Concerning what we're saved from in salvation, we can note three things: 

a. 5:6-8 our sins against God
b. 5:9 wrath from God
c. 5:10 our war with God

The first has to do with God's twin act of removing the penalty of our sin in what theologians call "expiation" (see Hebrews 9:14). The second thing we are saved from, God's wrath, follows on the heels of expiation by the satisfaction of of His wrath in what is called "propitiation" (see 1 John 2:1-2). Then finally, we find that in the end of warfare or enmity between us and God, we are described as those being reconciled to Him (see 2 Corinthians 5:15-21). The great commentator Matthew Henry notes concerning what believers are "saved from"...

"The dying Jesus laid the foundation, in satisfying for sin, and slaying the enmity, and so making us salvable; thus is the partition-wall broken down, atonement made, and the attainder reversed; but it is the living Jesus that perfects the work: he lives to make intercession, Heb. 7:25. It is Christ, in his exaltation, that by his word and Spirit effectually calls, and changes, and reconciles us to God, is our Advocate with the Father, and so completes and consummates our salvation."

So due to being justified by faith, the believer in Jesus Christ is "saved to" peace with God, access to God, hope in God and love from God. Likewise, the believer in Christ is "saved from" their sins, wrath and war with God. But now, what is it that the sinner saved by grace is saved for?

3. Saved for… Romans 5:11

In Romans 5:11, we can note two general realities to which the Christian is saved for: walking in fellowship with God and worship of God. In the Exodus account, we find God telling Moses to go to Pharaoh and state to him to "let my people go". We read for example in Exodus 4:21-23 "The Lord said to Moses, “When you go back to Egypt see that you perform before Pharaoh all the wonders which I have put in your power; but I will harden his heart so that he will not let the people go. 22 Then you shall say to Pharaoh, ‘Thus says the Lord, “Israel is My son, My firstborn. 23 So I said to you, ‘Let My son go that he may serve Me’; but you have refused to let him go. Behold, I will kill your son, your firstborn.”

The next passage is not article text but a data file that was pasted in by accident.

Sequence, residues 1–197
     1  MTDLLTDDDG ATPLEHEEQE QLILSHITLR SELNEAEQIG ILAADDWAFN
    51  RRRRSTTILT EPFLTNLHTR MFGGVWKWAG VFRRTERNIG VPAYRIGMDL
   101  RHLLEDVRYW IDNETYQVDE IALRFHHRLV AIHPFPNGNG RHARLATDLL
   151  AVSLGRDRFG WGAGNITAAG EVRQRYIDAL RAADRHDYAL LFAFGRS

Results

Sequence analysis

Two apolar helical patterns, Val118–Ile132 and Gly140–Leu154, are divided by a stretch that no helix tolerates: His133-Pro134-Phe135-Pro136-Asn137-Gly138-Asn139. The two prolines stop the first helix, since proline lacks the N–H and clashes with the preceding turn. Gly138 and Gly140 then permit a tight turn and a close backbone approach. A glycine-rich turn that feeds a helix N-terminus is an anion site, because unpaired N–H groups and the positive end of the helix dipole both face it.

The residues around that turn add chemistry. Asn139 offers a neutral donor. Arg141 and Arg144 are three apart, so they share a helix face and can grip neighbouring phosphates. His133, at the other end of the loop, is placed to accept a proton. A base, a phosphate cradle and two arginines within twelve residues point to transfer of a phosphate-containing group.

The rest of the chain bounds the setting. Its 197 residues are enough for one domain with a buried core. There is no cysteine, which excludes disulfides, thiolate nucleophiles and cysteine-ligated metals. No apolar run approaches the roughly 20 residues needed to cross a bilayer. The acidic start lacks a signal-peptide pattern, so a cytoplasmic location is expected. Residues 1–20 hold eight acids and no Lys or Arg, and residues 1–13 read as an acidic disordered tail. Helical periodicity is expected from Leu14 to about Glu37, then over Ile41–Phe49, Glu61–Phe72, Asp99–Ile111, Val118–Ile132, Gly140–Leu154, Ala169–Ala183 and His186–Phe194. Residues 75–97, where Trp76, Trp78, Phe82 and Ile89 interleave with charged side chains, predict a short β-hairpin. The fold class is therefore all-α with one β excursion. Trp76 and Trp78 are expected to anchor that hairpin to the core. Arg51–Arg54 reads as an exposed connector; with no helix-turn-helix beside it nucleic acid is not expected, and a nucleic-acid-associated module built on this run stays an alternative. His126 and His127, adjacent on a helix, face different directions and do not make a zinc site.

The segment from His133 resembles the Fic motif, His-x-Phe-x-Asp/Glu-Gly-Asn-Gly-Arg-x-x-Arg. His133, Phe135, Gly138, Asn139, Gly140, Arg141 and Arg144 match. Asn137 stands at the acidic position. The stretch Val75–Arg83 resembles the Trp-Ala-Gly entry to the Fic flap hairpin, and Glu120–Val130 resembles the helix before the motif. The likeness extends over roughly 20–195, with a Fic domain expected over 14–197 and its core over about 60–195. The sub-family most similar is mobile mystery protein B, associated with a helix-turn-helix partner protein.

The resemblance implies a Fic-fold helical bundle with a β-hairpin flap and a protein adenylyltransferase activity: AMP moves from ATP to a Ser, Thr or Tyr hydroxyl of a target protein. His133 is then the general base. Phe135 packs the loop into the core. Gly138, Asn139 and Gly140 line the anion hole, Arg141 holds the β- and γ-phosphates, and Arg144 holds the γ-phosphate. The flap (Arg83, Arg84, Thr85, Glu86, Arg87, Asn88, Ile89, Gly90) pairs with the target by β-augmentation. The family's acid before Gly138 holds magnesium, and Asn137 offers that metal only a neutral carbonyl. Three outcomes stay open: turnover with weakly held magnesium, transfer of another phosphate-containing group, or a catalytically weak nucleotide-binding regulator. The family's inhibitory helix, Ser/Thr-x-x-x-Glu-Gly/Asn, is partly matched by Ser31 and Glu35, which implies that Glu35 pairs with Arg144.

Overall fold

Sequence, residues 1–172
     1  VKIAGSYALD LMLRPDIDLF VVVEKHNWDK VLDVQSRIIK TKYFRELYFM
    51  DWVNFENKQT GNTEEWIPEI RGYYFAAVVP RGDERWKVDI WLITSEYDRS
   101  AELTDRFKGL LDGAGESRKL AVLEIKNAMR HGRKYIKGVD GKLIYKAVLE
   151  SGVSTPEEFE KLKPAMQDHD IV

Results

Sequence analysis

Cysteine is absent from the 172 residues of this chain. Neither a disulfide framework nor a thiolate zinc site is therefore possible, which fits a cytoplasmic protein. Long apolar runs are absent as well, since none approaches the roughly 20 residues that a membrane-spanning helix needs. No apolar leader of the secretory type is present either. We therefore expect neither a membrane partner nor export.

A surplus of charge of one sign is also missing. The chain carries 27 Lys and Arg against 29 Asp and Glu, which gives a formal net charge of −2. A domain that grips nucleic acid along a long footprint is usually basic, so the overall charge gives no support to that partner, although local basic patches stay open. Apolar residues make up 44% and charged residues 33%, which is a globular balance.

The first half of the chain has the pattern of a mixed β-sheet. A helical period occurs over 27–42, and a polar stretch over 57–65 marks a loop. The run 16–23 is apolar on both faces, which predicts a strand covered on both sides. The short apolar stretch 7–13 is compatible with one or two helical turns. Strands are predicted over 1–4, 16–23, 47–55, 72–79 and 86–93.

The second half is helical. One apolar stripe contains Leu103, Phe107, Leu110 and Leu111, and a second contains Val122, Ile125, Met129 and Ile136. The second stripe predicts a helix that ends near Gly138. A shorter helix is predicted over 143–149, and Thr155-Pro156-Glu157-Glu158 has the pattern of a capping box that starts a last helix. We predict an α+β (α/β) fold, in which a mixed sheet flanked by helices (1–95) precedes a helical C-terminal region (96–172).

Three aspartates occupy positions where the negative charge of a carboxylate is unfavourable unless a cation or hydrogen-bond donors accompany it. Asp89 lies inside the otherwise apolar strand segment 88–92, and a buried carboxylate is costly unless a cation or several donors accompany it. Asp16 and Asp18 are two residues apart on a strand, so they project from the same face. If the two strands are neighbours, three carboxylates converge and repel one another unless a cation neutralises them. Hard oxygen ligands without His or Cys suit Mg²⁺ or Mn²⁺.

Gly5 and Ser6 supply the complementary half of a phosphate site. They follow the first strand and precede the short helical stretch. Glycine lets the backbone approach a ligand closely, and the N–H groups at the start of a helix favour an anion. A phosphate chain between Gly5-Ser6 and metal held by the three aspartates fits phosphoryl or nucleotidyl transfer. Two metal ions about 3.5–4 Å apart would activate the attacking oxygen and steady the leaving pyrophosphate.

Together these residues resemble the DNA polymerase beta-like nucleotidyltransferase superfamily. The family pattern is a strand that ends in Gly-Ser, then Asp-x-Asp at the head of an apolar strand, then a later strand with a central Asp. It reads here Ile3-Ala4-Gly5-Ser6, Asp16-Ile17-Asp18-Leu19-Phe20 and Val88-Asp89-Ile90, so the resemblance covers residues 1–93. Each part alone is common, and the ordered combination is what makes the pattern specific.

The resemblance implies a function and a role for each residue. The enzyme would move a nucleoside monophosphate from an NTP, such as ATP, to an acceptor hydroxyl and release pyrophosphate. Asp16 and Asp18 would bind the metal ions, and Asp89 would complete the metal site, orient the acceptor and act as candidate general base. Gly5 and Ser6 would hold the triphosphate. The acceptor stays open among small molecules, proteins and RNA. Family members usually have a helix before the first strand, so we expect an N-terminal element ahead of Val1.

Now when you read the remainder of the Exodus account, including the Red Sea crossing and all of the events surrounding God's deliverance of the Hebrews from the Egyptians, you discover that the goal was not just to "save the people from Pharaoh". The goal was to make these slaves into worshipers and these people who "were formerly not a people in a people for God". Exodus 19-20 is the official birth of the Jewish nation. God made them a people, a Kingdom of Priests and a Holy nation. They were saved for the purpose of walking with God and worshiping Him. 

In the New Testament, we find that Christian salvation is described in these same terms. The Christian is saved for good works (Ephesians 2:10). 1 Peter 2:9-11 quotes from Exodus 19:5-6, the same exact identity in terms of Christians. As theologian R.C. Sproul has often said in conferences and in writing: "We are saved by God, from God, for God."

Closing thoughts:

Today we explored the Biblical concept of what it means to be "saved". We noted the following....

1. Saved to…. Romans 5:1-5
.peace with God  
.access to God  
.hope in God  
.love from God

2. Saved from… Romans 5:6-10
.our sins against God
.wrath from God
.our war with God

3. Saved for… Romans 5:11
.walking in fellowship with God
.worshipping God